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2000 BMW 528i – M52TU, M54 Engine Stalling at Cold Start – E39, E46, Z3, Z4, X3, X5

October 4, 2010

Q I have a 2000 BMW 528i well serviced and in excellent condition but recently I experienced the following problem that the BMW service cannot identify or fix.
When I start the car, cold in the morning, the engine starts and idles fine. I drive and if I stopped in traffic light during the first mile or two within the first five to eight minutes the REVS drop / fluctuate to stall. I start again and it works fine and do not have any problem at all until the next morning! Also, When I start the car in the morning and do not drive, but leave the engine running for about five to eight minutes the engine REVS drop / fluctuate to stall. I start again and it works fine and do not have any problem until the next morning! Note: I use different brands of highest-grade gasoline and use BMW fuel injector cleaner every six months. Please let me know your diagnose of this problem.

Have you checked if there are currently any engine management fault codes stored? If there are, they may help direct our diagnostics. We do offer a tool that will read and reset the codes, as well as reset the oil change and service/inspection reminders.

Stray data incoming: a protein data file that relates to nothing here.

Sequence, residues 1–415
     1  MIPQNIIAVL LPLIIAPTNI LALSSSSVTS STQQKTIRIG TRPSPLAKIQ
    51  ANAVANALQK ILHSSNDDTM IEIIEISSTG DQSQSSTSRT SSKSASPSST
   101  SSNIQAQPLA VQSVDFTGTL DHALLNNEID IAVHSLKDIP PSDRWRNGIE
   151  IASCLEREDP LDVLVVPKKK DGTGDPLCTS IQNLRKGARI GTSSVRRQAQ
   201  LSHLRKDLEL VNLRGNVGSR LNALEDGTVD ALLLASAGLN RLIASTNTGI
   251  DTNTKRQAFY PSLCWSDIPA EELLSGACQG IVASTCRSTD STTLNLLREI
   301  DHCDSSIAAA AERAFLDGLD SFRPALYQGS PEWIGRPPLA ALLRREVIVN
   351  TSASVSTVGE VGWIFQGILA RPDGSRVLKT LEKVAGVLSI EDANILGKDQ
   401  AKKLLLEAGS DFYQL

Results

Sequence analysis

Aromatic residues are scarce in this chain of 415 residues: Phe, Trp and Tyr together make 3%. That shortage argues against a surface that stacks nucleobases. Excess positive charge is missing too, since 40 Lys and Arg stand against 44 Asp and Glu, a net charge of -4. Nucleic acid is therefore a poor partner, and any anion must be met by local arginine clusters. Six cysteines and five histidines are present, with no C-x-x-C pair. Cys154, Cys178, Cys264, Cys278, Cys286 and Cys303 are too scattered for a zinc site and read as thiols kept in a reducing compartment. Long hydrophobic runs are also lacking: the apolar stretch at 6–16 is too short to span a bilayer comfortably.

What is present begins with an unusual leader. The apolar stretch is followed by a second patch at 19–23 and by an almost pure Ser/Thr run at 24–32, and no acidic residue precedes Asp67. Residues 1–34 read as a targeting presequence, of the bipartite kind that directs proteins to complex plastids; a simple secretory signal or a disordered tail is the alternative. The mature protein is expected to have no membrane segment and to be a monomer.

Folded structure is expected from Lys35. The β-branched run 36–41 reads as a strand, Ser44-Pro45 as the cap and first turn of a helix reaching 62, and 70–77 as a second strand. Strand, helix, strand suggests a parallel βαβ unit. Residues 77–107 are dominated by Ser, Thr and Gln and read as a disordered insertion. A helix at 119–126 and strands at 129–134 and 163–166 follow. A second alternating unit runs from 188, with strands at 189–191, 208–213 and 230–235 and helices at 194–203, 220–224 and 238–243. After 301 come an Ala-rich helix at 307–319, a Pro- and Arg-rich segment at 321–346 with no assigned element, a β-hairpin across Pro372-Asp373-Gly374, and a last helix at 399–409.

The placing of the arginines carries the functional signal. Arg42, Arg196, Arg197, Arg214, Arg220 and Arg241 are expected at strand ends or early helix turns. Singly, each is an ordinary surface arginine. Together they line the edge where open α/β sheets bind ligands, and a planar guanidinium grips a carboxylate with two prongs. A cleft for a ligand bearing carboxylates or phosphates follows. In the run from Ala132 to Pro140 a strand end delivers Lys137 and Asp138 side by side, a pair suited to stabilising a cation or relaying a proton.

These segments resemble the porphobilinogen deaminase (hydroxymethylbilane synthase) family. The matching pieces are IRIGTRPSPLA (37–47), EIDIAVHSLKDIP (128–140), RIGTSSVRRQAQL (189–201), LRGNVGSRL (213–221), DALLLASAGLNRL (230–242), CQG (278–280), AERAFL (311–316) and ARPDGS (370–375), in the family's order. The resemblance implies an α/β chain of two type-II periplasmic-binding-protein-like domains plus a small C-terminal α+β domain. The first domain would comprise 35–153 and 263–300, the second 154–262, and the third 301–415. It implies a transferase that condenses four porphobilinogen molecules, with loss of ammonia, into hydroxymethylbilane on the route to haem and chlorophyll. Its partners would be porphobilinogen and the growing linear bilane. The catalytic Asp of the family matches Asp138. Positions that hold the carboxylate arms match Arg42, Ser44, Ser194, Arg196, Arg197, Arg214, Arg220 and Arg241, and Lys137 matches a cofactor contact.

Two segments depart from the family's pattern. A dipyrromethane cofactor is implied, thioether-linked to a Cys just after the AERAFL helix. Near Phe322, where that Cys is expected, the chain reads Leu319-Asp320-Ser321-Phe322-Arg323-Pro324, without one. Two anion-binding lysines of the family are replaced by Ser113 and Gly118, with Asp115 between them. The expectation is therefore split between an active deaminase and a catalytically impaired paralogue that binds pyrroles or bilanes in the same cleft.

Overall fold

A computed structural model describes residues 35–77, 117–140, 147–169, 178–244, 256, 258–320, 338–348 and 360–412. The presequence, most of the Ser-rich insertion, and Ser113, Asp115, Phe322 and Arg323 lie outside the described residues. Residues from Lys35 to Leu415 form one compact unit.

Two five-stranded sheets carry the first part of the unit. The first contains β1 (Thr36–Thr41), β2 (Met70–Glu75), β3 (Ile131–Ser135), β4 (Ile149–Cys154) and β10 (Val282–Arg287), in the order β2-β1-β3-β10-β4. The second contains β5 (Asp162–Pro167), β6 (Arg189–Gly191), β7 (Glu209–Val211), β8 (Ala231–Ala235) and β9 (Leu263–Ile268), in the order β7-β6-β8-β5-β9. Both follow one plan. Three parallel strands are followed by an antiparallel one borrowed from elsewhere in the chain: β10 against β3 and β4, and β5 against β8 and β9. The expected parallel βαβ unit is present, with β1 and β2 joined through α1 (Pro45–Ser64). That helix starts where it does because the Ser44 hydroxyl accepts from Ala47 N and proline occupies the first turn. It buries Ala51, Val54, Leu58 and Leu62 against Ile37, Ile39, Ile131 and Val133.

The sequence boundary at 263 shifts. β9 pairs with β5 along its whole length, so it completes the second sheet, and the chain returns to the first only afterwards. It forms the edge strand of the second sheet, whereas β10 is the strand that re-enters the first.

Code reader/reset tool:

* You should clean the Mass Air Flow sensor (MAF). Remove the Mass Air Flow sensor (MAF) and clean it. Purchase a can of CRC-brand Mass Airflow Sensor Cleaner. Spray the hot-film sensor in the middle of the MAF. This is the shiny plate in the airflow area of the sensor. Spray it liberally, from all directions, let it dry and reinstall it.

If we have no helpful fault codes AND cleaning the MAF does not help, you may be dealing with vacuum leaks, a clogged crankcase ventilation system or a faulty VANOS control unit.

* You may have a problem with partial clogging and/or deteriorated hoses in the crankcase ventilation system. This is VERY common on these engines. We have issues with the system clogging with oil sludge (due to long oil change intervals and condensation), as well as deterioration of the hoses which creates vacuum leaks. In order to replace the hoses and oil separator valve, the intake manifold must be removed. We do offer a complete kit that has all of the parts included. See the blog post at  THIS LINK.

Failure of the internal piston seals in the VANOS unit (the variable cam timing control unit) is becoming common and the symptoms that you’ve described are common symptoms for this fault.

VANOS unit:

Obviously, there are other possibilities, but without having the car here to test and diagnose, these are the initial suggestions.

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